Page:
2. Reply to show cause notice: The taxpayer must respond to the show cause notice within a specified time limit (usually 30 days) and provide their explanation for the alleged contravention. The taxpayer may also request a personal hearing before the adjudicating authority.
3. Adjudication order: After considering the taxpayer's response and conducting a hearing (if requested), the adjudicating authority will pass an order. The order may confirm, modify, or set aside the assessment or reassessment, and may also impose a penalty and interest.
4. Appeal: If the taxpayer is not satisfied with the adjudication order, they may file an appeal before the appropriate appellate authority within a specified time limit (usually 3 months from the date of the order).
5. Revision: The GST authorities may also initiate a revision of the adjudication order if they believe that there is an error in the order. The revision must be initiated within 3 months from the date of the order.
It's important to note that the adjudication process under GST provides an opportunity for the taxpayer to present their case and defend themselves against any alleged contraventions. The process is designed to ensure that the taxpayer's rights are protected and that disputes are resolved in a fair and transparent manner.
Sure, here are some frequently asked questions about the anatomy of tax determination proceedings under GST:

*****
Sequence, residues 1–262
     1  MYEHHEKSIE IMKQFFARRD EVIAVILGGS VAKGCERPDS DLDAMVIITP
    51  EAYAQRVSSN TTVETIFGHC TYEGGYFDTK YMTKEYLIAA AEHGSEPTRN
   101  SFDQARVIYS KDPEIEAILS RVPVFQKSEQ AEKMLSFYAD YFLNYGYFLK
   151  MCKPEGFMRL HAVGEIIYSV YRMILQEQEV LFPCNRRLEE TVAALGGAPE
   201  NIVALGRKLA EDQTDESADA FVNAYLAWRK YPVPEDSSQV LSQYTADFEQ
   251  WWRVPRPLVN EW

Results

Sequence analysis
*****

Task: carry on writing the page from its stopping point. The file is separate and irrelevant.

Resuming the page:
GST registration is a process by which a taxpayer is registered under the GST law and is issued a unique GST identification number. All businesses whose annual turnover exceeds Rs. 20 lakhs (Rs. 10 lakhs for businesses in North-Eastern and hill states) are required to register for GST.
There are different types of GST returns, such as GSTR-1, GSTR-2A, GSTR-3B, GSTR-4, GSTR-5, GSTR-6, GSTR-7, GSTR-8, and GSTR-9. The taxpayer must file the appropriate type of return based on their turnover and business activities.
Centre releases Rs. 17,000 crore of GST compensation to States/UTs
If a taxpayer fails to file their GST returns on time, they may be liable to pay a late fee and interest. The late fee is Rs. 50 per day (for CGST and SGST), and Rs. 100 per day (for IGST), subject to a maximum of 0.25% of the taxpayer's turnover.
Assessment is the process by which the GST authorities determine the correctness of the tax liability declared by the taxpayer. Reassessment is the process of conducting a fresh assessment after an earlier assessment has been completed. Reassessment is usually initiated when the GST authorities detect any discrepancies in the earlier assessment.
If a taxpayer is not satisfied with the outcome of the assessment or reassessment, they can file an appeal before the appropriate appellate authority within a specified time limit. The appellate authority may confirm, modify, or set aside the assessment or reassessment.
If there is a dispute between the taxpayer and the GST authorities, the matter may be referred to the adjudicating authority. The adjudicating authority may pass an order confirming, modifying, or setting aside the assessment or reassessment. The taxpayer has the right to appeal against the order of the adjudicating authority.